The Album, 1. kötet

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J. Andrews., 1822

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IV
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XI
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XXI
332

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41. oldal - Imlac,) I will not undertake to maintain, against the concurrent and unvaried testimony of all ages, and of all nations. There is no people, rude or learned, among whom apparitions of the dead are not related and believed. This opinion, which prevails as far as human nature is diffused, could become universal only by its truth...
413. oldal - He sat by himself, with a glass of port wine negus, and a spoon; sipping and stirring, and meditating and sipping, until nothing was left but the spoon. He gradually fell asleep bolt upright in his chair, with the empty glass standing before him; and the candle seemed to fall asleep too, for the wick grew long, and black, and cabbaged at the end, and dimmed the little light that remained in the chamber.
407. oldal - I went to the windows in quest of something to amuse the eye ; but it seemed as if I had been placed completely out of the reach of all amusement. The windows of my bed-room looked out among tiled roofs and stacks of chimneys, while those of my sitting-room commanded a full view of the stable-yard. I know of nothing more calculated to make a man sick of this world than a stable-yard on a rainy day.
407. oldal - It was a rainy Sunday in the gloomy month of November. I had been detained, in the course of a journey, by a slight indisposition, from which I was recovering; but was still feverish, and obliged to keep within doors all day, in an inn of the small town of Derby. A wet Sunday in a country inn! — whoever has had the luck to experience one can alone judge of my situation.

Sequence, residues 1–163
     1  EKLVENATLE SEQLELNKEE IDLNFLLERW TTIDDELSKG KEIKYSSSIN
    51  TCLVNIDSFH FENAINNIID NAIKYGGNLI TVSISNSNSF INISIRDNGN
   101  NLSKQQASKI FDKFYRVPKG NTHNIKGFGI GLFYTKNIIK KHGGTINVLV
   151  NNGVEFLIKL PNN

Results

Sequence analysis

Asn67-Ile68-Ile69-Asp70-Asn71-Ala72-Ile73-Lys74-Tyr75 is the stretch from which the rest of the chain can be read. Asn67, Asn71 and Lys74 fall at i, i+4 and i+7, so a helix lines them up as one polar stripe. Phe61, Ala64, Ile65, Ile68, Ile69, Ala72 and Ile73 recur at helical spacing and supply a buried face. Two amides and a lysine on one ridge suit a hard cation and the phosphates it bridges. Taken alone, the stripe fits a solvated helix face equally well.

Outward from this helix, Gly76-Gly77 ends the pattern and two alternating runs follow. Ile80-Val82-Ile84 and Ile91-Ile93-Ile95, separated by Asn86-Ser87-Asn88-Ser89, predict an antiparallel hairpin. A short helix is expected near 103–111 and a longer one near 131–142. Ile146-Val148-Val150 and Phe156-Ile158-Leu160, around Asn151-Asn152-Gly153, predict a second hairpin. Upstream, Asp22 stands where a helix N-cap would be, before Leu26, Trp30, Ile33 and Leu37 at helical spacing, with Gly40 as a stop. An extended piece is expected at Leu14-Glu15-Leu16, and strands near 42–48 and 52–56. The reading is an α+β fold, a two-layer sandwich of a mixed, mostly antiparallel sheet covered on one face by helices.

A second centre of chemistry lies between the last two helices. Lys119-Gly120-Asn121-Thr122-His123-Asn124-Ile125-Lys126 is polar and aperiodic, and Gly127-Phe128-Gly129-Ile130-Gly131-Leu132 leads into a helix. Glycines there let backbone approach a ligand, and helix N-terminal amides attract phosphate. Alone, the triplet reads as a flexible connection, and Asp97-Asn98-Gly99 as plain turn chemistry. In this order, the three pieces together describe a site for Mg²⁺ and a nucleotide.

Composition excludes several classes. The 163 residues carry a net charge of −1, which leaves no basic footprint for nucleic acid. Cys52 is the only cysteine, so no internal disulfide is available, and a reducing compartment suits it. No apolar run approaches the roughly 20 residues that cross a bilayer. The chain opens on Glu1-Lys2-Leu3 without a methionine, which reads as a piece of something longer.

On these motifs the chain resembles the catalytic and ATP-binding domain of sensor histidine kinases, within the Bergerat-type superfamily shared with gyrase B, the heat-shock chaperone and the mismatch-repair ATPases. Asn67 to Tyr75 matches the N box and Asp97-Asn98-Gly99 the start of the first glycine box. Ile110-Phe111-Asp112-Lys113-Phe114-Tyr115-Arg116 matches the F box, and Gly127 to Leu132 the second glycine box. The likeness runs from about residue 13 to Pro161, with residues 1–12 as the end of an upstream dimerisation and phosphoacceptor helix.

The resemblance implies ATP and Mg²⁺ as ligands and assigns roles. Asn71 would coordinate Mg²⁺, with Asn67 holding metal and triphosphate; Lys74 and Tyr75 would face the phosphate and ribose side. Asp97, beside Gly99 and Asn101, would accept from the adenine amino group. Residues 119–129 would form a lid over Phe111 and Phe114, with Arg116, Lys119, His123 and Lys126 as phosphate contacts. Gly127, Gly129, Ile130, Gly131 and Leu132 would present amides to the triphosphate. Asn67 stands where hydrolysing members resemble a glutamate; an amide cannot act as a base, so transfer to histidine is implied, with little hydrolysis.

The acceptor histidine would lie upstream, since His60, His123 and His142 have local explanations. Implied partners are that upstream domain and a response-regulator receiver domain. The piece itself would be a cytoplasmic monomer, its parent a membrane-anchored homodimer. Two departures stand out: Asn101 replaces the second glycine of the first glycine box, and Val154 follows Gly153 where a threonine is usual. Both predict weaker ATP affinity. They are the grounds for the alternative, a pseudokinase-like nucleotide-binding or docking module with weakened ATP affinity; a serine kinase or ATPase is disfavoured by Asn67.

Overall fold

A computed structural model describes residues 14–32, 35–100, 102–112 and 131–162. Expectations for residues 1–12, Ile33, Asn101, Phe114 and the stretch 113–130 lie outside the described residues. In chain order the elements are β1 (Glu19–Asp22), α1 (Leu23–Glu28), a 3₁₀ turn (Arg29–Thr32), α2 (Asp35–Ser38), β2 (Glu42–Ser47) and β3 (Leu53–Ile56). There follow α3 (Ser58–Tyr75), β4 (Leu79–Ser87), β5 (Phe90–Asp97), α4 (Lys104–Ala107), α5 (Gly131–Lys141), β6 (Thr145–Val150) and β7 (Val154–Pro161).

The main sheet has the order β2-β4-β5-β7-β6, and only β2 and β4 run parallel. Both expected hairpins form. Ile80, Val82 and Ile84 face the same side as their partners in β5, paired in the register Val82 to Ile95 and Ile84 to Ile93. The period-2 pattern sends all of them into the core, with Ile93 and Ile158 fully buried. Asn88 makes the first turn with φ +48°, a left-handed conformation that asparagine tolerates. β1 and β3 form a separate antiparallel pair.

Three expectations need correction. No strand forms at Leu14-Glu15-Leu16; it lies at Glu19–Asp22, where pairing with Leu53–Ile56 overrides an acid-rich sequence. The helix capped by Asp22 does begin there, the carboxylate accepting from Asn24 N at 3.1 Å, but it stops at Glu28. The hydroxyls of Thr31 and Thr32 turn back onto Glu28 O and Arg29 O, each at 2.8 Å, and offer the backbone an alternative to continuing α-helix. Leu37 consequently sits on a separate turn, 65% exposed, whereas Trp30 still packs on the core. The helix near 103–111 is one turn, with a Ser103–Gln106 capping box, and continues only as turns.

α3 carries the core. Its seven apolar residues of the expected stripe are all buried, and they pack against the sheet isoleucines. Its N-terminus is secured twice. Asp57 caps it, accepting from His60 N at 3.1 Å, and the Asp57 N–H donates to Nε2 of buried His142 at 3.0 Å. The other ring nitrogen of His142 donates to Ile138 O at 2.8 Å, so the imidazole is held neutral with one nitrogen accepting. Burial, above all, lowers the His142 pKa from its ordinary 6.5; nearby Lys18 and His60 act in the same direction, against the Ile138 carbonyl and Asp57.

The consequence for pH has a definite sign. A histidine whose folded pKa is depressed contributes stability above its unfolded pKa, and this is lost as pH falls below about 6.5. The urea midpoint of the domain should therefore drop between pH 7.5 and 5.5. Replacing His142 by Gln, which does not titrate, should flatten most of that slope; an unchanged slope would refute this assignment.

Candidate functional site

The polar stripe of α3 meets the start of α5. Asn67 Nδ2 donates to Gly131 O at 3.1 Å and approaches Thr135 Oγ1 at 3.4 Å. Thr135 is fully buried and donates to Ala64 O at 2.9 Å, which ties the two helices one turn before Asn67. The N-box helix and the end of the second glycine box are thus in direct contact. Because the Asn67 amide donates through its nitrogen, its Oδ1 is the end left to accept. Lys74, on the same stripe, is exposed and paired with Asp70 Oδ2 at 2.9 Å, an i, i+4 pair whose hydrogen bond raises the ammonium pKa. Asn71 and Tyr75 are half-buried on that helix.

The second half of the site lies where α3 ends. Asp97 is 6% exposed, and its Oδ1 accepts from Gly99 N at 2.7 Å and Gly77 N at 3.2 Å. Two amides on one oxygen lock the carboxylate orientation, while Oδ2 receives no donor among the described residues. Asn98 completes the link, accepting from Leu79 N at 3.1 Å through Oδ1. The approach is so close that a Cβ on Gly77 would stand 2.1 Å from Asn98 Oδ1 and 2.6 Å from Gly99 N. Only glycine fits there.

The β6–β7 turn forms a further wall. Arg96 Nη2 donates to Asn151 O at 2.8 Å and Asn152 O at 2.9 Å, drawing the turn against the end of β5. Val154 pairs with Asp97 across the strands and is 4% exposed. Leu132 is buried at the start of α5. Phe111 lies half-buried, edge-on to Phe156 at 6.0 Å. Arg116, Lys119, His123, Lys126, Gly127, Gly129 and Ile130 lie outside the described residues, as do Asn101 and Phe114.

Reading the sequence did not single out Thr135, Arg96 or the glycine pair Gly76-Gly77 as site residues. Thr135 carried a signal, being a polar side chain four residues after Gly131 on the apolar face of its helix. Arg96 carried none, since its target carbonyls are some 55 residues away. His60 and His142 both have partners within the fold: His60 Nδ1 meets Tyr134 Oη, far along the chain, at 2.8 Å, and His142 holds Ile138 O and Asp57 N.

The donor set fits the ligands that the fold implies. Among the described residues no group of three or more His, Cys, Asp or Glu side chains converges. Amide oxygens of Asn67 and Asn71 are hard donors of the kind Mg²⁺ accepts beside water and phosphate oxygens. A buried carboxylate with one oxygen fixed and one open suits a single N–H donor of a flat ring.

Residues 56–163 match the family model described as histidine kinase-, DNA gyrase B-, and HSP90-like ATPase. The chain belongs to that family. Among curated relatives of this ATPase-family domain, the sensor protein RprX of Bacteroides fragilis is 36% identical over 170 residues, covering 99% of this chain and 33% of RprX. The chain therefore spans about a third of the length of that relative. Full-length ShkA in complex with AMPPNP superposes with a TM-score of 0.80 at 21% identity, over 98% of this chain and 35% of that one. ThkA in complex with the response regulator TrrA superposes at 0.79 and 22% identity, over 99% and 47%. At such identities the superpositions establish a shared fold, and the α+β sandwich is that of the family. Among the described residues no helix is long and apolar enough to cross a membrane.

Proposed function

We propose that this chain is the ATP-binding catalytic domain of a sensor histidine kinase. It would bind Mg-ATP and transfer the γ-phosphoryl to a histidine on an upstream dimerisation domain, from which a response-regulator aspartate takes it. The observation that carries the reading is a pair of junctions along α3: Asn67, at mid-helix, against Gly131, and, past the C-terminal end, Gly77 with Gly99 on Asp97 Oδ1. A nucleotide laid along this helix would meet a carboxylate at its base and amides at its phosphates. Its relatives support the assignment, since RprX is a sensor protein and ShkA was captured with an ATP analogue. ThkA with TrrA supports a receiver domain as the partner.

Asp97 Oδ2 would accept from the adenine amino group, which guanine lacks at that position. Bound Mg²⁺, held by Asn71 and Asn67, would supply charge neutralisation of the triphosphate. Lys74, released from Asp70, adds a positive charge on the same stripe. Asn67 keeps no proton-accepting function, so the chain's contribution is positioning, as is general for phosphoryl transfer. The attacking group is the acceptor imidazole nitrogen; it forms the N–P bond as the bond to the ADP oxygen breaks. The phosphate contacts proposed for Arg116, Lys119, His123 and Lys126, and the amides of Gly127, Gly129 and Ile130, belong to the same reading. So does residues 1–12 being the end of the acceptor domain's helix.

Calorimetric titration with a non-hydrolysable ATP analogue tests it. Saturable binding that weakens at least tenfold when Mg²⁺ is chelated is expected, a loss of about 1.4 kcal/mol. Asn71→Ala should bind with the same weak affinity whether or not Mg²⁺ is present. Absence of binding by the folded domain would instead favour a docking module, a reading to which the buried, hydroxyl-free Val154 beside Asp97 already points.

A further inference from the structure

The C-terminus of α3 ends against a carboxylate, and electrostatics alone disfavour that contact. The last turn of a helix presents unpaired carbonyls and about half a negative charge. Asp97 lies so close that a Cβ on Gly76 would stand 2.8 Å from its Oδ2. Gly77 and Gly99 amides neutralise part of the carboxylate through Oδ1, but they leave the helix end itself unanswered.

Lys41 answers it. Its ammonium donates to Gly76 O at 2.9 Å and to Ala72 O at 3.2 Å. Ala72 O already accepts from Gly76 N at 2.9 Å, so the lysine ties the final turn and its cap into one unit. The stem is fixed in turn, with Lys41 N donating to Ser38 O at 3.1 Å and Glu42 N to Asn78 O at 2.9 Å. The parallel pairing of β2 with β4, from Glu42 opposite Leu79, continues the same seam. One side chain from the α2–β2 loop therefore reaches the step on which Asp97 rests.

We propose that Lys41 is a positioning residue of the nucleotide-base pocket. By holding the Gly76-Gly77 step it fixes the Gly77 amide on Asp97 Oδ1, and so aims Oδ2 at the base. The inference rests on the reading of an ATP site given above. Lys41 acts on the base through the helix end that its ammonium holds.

413. oldal - ... stranger had evidently but just retired. — I turned off, sorely disappointed, to my room, which had been changed to the front of the house. As I went along the corridor, I saw a large pair of boots, with dirty, waxed tops, standing at the door of a bedchamber. They doubtless belonged to the unknown ; but it would not do to disturb so redoubtable a personage in his den ; he might discharge a pistol or something worse at my head.
414. oldal - It argues, I think, a sweet and generous nature, to have this strong relish for the beauties of vegetation, and this friendship for the hardy and glorious sons of the forest. There is a grandeur of thought connected with this part of riral economy.
411. oldal - ... such indignation. He must be a middle-aged man, and confounded ugly into the bargain, or the girl would not have taken the matter in such terrible dudgeon. I confess I was sorely puzzled. In a few minutes I heard the voice of my landlady. I caught a glance of her as she came tramping up stairs; her face glowing, her cap flaring, her tongue wagging the whole way.
409. oldal - I was dreadfully hipped. The hours seemed as if they would never creep by. The very ticking of the clock became irksome. At length the stillness of the house was interrupted by the ringing of a bell. Shortly after I heard the voice of a waiter at the bar : " The stout gentleman in No. 13, wants his breakfast. Tea and bread and butter, with ham and eggs ; the eggs not to be too much done.
410. oldal - When there was another ringing. Shortly afterwards there was a stir and an inquest about the house. The stout gentleman wanted the Times or the Chronicle newspaper. I set him down, therefore, for a Whig ; or rather, from his being so absolute and lordly where he had a chance, I suspected him of being a Radical. Hunt, I had heard, was a large map ; " who knows," thought I, "but it is Hunt himself!
408. oldal - Boots, all slunk back again to their holes; the street again became silent, and the rain continued to rain on. In fact, there was no hope of its clearing up; the barometer pointed to rainy weather; mine...

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